‘She inspired us to compete with the best in the world’

Derval O'Rourke

A text message at 9:33am yesterday morning from Derval O’Rourke signalled the end of a glittering career for one of Ireland’s most medalled athletes.

Having trained with Derval sporadically the last couple of years, she sent me a message to let me know there was a press release being sent to announce her retirement and that she didn’t want to do any media as she was feeling too raw.

The announcement was a sad day for me, and more importantly Irish athletics and the sporting public, but she has provided many great memories and inspired a host of athletes to believe in themselves and compete on the world stage.

Derval followed on from Sonia for over a decade to keep athletics in the public eye for all the right reasons and provide some much needed cheer and silverware.

There was no one more emotional than her coach Terrie Cahill, who, along with her husband Seán, has formed the cornerstone as she describes “Team Derval.”

“It’s an emotional day,” said Cahill yesterday after picking up her three children Ciarán, Killian and Niamh from school – “a young auntie for my three kids,” gushed Cahill of the close bond they have formed over the past nine years.

“It’s been a fantastic nine years,” continued Cahill, who was only home from the European Team Championships in Estonia as coach of the women’s 4x100m relay team.

“It was a learning curve with plenty of highs and lows. She’s an exceptional athlete: five major medals and fourth in the world championships.”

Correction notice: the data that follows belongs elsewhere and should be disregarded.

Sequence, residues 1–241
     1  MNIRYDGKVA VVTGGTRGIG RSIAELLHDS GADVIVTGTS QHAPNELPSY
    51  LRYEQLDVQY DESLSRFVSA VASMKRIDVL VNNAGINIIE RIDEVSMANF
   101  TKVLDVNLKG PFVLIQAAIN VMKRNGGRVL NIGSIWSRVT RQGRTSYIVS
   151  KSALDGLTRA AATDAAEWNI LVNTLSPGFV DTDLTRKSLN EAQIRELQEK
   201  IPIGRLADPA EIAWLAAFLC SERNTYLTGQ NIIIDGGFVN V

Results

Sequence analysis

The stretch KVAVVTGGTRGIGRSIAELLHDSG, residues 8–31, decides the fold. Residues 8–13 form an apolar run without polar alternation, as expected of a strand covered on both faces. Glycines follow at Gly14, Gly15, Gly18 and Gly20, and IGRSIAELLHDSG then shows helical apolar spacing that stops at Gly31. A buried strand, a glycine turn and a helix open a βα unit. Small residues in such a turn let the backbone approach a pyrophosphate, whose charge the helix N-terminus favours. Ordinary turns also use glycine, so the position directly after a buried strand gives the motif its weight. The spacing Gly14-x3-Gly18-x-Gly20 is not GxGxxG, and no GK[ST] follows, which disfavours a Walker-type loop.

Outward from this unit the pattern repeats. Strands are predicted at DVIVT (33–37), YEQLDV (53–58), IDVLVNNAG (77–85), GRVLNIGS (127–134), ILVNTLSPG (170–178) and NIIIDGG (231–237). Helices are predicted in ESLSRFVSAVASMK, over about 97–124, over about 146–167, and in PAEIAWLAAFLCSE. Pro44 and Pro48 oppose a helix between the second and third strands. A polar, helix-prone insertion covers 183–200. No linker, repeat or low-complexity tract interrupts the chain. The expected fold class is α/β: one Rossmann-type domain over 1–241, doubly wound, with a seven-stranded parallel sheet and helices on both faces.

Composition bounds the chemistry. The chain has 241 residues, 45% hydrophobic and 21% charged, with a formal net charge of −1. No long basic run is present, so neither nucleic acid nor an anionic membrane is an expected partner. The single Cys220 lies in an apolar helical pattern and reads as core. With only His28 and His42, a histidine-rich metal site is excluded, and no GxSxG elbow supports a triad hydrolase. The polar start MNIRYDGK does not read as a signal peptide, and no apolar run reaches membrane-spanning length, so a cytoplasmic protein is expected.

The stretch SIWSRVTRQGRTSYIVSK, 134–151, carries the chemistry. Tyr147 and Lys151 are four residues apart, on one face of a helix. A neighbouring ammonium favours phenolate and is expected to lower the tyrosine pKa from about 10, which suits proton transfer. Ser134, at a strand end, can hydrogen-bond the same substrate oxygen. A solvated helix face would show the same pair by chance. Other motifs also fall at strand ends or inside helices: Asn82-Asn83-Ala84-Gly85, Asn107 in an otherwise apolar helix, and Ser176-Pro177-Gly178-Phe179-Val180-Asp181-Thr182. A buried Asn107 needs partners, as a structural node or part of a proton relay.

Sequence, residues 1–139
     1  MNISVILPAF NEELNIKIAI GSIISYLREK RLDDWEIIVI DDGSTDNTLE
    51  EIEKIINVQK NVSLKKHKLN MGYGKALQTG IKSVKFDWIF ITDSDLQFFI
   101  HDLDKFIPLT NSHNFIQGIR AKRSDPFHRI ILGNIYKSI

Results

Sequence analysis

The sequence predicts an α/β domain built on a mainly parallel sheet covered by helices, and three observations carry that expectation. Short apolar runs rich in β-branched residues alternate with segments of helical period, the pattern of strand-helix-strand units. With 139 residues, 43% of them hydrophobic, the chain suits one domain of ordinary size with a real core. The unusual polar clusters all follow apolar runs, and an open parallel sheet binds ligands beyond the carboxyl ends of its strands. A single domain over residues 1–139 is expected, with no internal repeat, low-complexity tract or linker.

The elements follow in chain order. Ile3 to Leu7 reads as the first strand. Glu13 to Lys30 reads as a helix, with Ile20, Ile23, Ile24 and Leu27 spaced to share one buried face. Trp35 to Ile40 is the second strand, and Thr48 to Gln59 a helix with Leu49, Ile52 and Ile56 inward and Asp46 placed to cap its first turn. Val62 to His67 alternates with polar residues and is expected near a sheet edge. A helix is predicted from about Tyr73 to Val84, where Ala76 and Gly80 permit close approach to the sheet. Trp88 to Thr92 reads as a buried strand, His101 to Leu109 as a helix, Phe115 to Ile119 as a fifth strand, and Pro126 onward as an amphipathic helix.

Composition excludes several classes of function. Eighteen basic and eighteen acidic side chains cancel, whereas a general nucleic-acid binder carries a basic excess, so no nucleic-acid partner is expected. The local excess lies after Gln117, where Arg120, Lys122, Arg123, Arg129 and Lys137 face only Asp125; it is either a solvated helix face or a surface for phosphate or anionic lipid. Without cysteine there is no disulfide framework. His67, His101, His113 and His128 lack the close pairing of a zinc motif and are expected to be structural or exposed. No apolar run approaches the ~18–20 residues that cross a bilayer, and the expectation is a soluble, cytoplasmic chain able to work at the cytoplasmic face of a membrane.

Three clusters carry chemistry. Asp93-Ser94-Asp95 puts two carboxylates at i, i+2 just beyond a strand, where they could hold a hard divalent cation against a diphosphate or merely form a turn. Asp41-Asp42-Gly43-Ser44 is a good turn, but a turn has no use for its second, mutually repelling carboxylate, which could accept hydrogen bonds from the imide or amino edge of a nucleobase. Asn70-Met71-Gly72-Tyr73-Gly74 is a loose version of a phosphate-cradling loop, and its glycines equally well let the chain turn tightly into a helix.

The world indoor title over the 60m hurdles in 7.84 seconds in Moscow in 2006 launched O’Rourke into the public consciousness and into the mind of her competitors as an athlete capable of upsetting the form book come championship time.

The Cork hurdler may not have dominated the European circuit like Sonia O’Sullivan but she managed to raise her game like no other for the majors, which developed her tagline as a “championship performer” and drove other athletes such as David Gillick, Paul Hession and Mary Cullen to greater heights.

There has been no Irish athlete who could prance and preen behind their starting blocks with a pout and strut and back it up. Hands on hips with a steely stare down the track, the belief and determination was visible and provided that extra bit of excitement to proceedings.

“She inspired us to compete with the best in the world,” said Irish 400m record holder David Gillick, who, alongside O’Rourke, produced one of the greatest days for Irish sprinting at the 2009 world championships in Berlin. Gillick finished sixth in the final of the 400m with O’Rourke a fantastic fourth – arguably her best performance.

“She was able to produce her best times when it really mattered and Derval was able to park all the crap from the previous nine months come the championship,” continued Gillick.

That fourth place finish at the world championships in Berlin may be somewhat forgotten due to her four European medals, two silver outdoors over 100m hurdles (2006 and 2010) and two bronze indoors (2009 and 2013) over 60m hurdles, but Terrie Cahill believes it was the championship where she showed her true class.

“She was against the creme de la creme of world hurdling,” said Cahill of a field that included 2012 Olympic champion Sally Pearson who finished a place behind O’Rourke in fifth.